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Origin and Habitat: South-western part of Madagascar
Habitat and ecology: Jatropha mahafalensis is widespread in the arid bush of the south-west of the island, especially on limestone. This is the only naturally occurring representative of the genus in Madagascar. In Madagascar J.mahafalensis is commonly cultivated.
- Jatropha mahafalensis Jum. & H.Perrier
FRENCH (Français): pulghère mahafaly
MALAGASY: atatra, belatatraj, betatatra, betratra, katratra, tatratra, tralralra
Description: Jatropha mahafalensis is a large dioecious shrub or small much-branched tree, to 5-6 m tall. It grows a thick, attractive trunk and small, glossy, three-lobed leaves. This species differs from the others of the genus in being dioecious.
Derivation of specific name. The epithet “mahafalensis” comes from the occurrence in the Mahafaly region, south-western part of Madagascar .
Stem: Thick, much branched from near the base, young branches softly woody, sap becoming brown.
Leaves: 3- to 5-lobed, large up to 6 cm long, 8 cm wide, lobes triangular. Petiole to 8 cm long.
Inflorescences: Few-flowered terminal or subterminal cymes on peduncles 1 cm long.
Flowers: Creamy-white, basally red stripped. Male flowers with sepals 6 mm long, joined for 2.5 mm, petals obovate, 9 mm long, yellow streaked red, nectar-glands 5, stamens 8. Female flowers with sepals shortly joined, triangular, petals larger than male, to 13 long and 7 mm wide, style 3 mm long.
Fruits: Large (ca. 25 mm in diameter), green drupaceous capsules.
Seeds: Broadly ovoid, 15 mm long, laterally compressed, to 15 x 10 mm.
Chromosome number: 2n=22
Taxonomy: J. mahafalensi is the only species of the genus native to Madagascar and is distinct taxonomically—Radcliffe-Smith erected the monotypic subgenus Manihotoides to accommodate it.
Bibliography: Major references and further lectures
1) Gabriella Harriet Schmelzer “Medicinal Plants”, Volume 1 PROTA, 2008
2) Werner Rauh, Herman Schwartz “Succulent and xerophytic plants of Madagascar”, Volume 2, Strawberry Press, 1998
3) Urs Eggli “Illustrated Handbook of Succulent Plants: Dicotyledons” Springer Science & Business Media, 2002
4) NIIR Board of Consultants and Engineers “The Complete Book on Jatropha (Bio-Diesel) with Ashwagandha, Stevia, Brahmi & Jatamansi Herbs (Cultivation, Processing & Uses)” ASIA PACIFIC BUSINESS PRESS Inc., 1 October 2008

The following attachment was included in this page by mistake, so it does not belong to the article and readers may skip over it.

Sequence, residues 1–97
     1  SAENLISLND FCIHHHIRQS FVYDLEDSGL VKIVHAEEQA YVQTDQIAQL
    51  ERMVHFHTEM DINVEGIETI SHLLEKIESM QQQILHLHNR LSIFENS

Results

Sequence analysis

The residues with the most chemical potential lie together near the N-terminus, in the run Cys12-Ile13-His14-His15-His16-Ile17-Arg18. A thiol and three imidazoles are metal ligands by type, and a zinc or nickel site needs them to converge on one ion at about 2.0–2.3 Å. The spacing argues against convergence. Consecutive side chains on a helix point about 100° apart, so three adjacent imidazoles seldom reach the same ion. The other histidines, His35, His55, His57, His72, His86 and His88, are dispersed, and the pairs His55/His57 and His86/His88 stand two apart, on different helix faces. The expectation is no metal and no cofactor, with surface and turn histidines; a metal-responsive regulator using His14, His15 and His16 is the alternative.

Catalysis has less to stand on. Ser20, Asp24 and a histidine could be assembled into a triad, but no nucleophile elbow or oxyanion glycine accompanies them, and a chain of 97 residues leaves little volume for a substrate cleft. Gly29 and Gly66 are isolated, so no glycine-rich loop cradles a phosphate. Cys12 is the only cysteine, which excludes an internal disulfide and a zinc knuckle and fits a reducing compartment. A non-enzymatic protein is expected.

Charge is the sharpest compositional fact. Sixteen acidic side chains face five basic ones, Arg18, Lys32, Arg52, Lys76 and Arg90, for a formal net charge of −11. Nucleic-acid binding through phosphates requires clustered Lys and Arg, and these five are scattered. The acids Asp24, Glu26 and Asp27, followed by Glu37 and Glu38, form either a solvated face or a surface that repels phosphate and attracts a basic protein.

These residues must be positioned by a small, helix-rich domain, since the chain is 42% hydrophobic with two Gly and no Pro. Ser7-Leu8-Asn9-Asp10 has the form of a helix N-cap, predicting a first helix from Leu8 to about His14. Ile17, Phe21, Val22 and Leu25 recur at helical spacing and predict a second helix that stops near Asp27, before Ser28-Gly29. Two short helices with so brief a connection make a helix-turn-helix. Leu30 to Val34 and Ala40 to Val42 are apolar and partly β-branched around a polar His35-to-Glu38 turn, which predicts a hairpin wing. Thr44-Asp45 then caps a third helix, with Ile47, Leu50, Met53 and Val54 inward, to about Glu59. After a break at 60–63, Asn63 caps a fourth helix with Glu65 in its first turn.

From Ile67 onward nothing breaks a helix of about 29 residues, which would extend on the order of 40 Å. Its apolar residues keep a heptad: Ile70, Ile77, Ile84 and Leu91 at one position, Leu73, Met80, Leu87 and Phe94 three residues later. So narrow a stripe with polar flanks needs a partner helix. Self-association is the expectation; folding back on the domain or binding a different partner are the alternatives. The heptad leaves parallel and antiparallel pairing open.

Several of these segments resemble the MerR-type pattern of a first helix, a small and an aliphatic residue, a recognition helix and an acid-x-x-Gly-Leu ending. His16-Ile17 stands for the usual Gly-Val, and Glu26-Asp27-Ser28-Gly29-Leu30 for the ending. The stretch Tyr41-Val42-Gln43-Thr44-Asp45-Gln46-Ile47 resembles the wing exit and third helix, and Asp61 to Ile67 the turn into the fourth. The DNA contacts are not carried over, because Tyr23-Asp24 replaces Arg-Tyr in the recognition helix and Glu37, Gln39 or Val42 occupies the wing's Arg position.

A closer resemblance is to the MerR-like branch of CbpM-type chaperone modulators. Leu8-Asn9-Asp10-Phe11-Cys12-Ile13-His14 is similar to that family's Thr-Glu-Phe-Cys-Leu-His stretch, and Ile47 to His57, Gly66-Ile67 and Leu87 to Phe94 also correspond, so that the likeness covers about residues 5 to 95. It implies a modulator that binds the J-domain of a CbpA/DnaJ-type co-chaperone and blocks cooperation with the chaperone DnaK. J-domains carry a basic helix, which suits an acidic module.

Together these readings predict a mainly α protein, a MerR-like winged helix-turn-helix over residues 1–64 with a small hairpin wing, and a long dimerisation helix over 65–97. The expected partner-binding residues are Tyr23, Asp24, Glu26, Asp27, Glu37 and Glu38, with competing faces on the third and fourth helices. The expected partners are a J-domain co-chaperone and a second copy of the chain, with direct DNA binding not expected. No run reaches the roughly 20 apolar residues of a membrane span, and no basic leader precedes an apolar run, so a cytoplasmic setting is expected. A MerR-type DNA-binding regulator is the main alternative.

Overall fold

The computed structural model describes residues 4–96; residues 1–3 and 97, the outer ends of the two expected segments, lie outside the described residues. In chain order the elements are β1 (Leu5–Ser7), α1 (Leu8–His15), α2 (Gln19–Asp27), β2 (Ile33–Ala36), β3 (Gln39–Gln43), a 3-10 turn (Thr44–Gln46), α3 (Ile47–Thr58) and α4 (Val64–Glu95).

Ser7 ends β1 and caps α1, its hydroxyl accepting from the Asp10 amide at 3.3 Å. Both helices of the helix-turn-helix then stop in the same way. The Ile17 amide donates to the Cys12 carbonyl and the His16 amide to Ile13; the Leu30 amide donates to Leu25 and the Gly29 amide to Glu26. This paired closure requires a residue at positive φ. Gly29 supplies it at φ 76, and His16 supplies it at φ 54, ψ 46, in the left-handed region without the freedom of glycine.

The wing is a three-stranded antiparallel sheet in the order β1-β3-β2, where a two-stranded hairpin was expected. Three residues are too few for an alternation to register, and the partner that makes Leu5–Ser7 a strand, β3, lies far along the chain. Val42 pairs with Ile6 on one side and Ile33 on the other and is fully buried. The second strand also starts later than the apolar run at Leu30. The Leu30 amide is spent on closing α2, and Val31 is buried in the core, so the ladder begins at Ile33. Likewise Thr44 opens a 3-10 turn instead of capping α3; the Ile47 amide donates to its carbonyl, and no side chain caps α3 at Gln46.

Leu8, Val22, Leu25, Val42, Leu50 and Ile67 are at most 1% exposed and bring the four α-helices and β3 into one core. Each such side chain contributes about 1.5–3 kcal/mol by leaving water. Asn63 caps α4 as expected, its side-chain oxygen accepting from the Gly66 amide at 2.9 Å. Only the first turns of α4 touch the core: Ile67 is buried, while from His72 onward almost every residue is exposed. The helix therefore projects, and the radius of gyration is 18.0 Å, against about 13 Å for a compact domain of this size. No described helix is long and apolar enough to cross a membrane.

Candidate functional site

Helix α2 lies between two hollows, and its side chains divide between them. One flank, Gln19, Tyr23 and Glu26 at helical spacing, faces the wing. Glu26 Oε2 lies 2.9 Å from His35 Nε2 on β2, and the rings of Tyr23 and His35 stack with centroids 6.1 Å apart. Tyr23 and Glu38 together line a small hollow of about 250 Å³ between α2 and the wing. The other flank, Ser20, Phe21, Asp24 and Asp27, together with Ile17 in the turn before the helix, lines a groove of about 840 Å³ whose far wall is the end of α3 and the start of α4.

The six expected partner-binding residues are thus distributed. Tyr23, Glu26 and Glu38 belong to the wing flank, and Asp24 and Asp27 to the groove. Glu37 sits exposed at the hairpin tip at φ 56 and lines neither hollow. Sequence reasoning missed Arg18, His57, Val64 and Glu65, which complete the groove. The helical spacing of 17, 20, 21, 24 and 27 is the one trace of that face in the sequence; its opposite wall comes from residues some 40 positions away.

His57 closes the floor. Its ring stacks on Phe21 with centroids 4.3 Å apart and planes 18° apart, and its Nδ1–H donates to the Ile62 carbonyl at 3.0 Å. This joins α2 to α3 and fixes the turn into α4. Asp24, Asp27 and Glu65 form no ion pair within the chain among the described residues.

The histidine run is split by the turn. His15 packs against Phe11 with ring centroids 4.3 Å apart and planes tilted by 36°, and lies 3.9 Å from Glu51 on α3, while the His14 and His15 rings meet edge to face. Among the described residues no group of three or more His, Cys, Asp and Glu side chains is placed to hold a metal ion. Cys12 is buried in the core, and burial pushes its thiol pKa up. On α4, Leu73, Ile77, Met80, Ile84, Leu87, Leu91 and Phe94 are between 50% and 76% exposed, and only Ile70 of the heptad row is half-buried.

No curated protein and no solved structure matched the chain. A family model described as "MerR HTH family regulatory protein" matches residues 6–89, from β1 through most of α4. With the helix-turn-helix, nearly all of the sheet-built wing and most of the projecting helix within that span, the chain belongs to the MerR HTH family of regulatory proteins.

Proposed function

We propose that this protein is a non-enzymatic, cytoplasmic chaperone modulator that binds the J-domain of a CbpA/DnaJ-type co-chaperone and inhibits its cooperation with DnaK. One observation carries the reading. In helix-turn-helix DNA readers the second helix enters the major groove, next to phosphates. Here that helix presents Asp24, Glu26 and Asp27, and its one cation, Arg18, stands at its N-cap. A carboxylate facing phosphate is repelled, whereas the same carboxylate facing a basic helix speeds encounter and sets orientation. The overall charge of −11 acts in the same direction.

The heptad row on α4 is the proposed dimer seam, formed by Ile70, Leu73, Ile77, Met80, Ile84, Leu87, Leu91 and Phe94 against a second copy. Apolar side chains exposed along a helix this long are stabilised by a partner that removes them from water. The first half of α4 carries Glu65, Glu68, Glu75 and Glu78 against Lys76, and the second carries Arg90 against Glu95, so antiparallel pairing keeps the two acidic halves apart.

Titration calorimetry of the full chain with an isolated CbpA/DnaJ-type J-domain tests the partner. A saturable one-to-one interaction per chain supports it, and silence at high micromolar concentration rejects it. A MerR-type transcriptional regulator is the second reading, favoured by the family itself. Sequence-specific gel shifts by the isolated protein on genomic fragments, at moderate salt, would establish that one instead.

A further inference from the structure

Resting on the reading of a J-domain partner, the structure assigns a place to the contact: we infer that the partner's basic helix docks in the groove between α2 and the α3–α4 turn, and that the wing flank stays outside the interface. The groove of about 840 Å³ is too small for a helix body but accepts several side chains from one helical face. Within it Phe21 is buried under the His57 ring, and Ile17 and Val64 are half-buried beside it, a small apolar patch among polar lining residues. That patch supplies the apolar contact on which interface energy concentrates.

5) JUMELLE, H. “Un Jatropha dioique de Madagascar. [A dioecious Jatropha from Madagascar.]” Rev. Gen. Botany 32: 121-124. 1920.
6) Urs Eggli, Leonard E. Newton “Etymological Dictionary of Succulent Plant Names” Springer Science & Business Media, 29 June 2013
7) "Jatropha mahafalensis oil from Madagascar: Properties and suitability as liquid biofuel" (PDF Download Available). Available from: https://www.researchgate.net/publication/251571733_Jatropha_mahafalensis_oil_from_Madagascar_Properties_and_suitability_as_liquid_biofuel [accessed Jan 31 2018].
8) International Succulent Introductions of the Huntington Botanical Gardens “ISI 2005-28. Jatropha mahafalensis Jum. & Perr.” Published in the Cactus and Succulent Journal, Vol. 77 (2), March - April, 2005 web: http://www.huntington.org/botanicaldiv/isi/ISI2005/2005-28.html
9) Fiche: Jatropha mahafalensis Jum. & H. Perrier, 1910 web: http://www.xycol.net/index.php?categorie=200&op=fiche&appellation_nsr=Jatropha+mahafalensis+Jum.+%26+H.+Perrier%2C+1910&appellationannee=%MTkxMA==%&via=Histographe
Cultivation and Propagation: Uses: The seeds of Jatropha mahafalensis Jum. & H.Perrier, endemic to Madagascar, contain an oil called 'huile de Betrata' with similar proper-ties as Jatropha curcas and with similar traditional uses. The oil is also used for lighting and applied as hair oil against lice. A root decoction is taken as an invigorating drink. J. mahafalensis oil is suitable for biodiesel production in combustion engines, but ﬁltration or degumming are needed to reduce its element content prior to such use.
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